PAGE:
The Organ | Mdina Cathedral Museum Archives

The Organ

The pipe organ in Mdina Cathedral was built in 1774 by the famous Neapolitan organ builder Domenico Antonio Rossi. It is situated at the east side of the north transept.

Rossi built several organs for Maltese churches but the Mdina Cathedral organ is his largest organ in Malta. It seems that Rossi was anxious to build an instrument worthy of a cathedral in certain respects. This is so when one considers the fact that the organ has some construction characteristics which are quite unusual to 18th century Neapolitan organ building and which became the norm only several decades later. The most interesting example is the “complete” lowest octave in the manual and pedal. This is a rare case in such organs, since the usual practice was a ‘short’ octave in the bass. Another interesting feature is the extension of the keyboard by two notes compared to the usual compass of similar instruments.

Unfortunately the organ was modified substantially throughout its lifetime, especially in the first half of the 20th century. The original bellows, keyboard, pedal board and stop knobs were replaced (and the original ones lost). The stop action was altered and some tonal changes were carried out which were neither skilfully executed nor successful. Moreover, the original façade pipes, almost of pure tin, were extensively damaged by tin pest, a natural process.

The restoration of this organ started in 2003. From the start it was clear that this important and unique Rossi organ was to be returned to its original physiognomy. This decision was taken also when considering the fact that the changes and modifications implemented earlier were neither skilfully carried out nor enhanced the organ’s functional and tonal qualities to justify their retention. To attain this aim research was carried out in Malta and Italy, and various Italian experts (experienced organ-restorers and a superintendence inspector) were consulted. Fortunately a researcher made a recent discovery in the Mdina Cathedral archives of the 1774 purchase contract between Rossi and the Cathedral Chapter. This document contained a detailed description of the organ which Rossi was to build and this was very useful to verify, determine and confirm certain aspects of the organ’s physiognomy. It has to be stated however, that in practice one should not blindly accept what is described in such contracts and hence all conclusions reached through this contract were confirmed by thorough investigation of the existing original material.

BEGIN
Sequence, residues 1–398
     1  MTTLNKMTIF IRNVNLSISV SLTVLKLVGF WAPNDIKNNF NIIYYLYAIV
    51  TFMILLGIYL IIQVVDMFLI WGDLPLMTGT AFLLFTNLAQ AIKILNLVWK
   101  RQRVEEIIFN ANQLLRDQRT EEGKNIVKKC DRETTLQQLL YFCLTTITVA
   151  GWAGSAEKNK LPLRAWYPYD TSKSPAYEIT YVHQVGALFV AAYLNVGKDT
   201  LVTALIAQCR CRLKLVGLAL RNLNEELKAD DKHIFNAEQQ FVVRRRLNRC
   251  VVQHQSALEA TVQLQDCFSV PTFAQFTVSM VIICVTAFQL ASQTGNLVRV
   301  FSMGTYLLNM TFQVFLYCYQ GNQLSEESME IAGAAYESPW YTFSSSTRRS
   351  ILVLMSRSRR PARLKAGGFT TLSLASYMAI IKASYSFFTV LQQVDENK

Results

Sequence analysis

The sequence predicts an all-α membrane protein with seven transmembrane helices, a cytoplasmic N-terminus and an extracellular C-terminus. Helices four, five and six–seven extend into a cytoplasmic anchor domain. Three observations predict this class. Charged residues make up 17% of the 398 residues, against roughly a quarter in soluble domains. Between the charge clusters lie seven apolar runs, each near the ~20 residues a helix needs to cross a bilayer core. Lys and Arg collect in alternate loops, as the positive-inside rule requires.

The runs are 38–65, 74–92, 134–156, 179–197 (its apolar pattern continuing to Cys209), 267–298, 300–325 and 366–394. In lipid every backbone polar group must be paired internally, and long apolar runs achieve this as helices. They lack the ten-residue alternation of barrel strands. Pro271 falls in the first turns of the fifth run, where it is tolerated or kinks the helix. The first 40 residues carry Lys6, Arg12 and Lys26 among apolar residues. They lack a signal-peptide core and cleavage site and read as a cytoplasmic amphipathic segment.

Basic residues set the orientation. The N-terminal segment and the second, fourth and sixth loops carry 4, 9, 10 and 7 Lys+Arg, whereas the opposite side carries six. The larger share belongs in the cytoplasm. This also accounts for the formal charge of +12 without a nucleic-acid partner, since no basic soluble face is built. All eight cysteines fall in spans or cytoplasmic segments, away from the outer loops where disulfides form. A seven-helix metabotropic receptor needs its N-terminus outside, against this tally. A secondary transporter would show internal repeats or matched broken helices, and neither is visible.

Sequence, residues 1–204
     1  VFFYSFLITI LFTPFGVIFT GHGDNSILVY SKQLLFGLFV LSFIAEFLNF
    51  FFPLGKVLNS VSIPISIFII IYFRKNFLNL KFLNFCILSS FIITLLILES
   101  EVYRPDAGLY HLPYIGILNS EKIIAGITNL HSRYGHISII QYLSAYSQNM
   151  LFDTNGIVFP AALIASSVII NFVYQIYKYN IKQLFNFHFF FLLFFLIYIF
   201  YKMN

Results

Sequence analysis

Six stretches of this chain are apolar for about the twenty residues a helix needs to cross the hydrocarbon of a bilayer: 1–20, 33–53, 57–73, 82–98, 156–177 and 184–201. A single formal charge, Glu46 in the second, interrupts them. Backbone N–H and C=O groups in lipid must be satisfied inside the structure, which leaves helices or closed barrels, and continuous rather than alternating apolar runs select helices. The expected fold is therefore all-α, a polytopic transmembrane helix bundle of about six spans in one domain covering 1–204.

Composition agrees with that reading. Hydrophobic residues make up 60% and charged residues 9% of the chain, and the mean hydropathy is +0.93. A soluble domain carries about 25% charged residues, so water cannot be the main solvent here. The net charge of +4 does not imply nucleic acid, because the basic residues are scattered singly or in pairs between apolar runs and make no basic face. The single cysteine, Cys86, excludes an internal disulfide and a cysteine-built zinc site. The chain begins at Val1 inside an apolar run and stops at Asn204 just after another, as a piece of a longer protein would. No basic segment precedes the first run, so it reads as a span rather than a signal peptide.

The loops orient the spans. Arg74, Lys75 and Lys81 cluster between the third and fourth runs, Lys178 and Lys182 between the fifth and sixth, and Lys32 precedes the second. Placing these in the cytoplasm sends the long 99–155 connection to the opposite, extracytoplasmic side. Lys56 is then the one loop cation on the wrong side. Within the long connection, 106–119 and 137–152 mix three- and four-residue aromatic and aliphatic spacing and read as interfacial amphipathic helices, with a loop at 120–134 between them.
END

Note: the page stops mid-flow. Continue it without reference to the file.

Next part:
The following parts were rebuilt according to Rossi models (Rossi organs in Malta and Italy) with reference to the 1774 contract :

(1) Three wedge bellows and all wind trunking – the bellows before the restoration was a large quadruple-rise parallel bellows which was definitely not in style with the organ. Hence three wedge bellows were rebuilt in style with the organ, together with the required manual operating levers that allow the organ to be supplied with wind by manual operation. A very silent electric blower was introduced for normal use but the organ can still play without the need for the electric blower through the reconstructed manual pumping system. All wind trunking were reconstructed because the original had been discarded in previous repairs.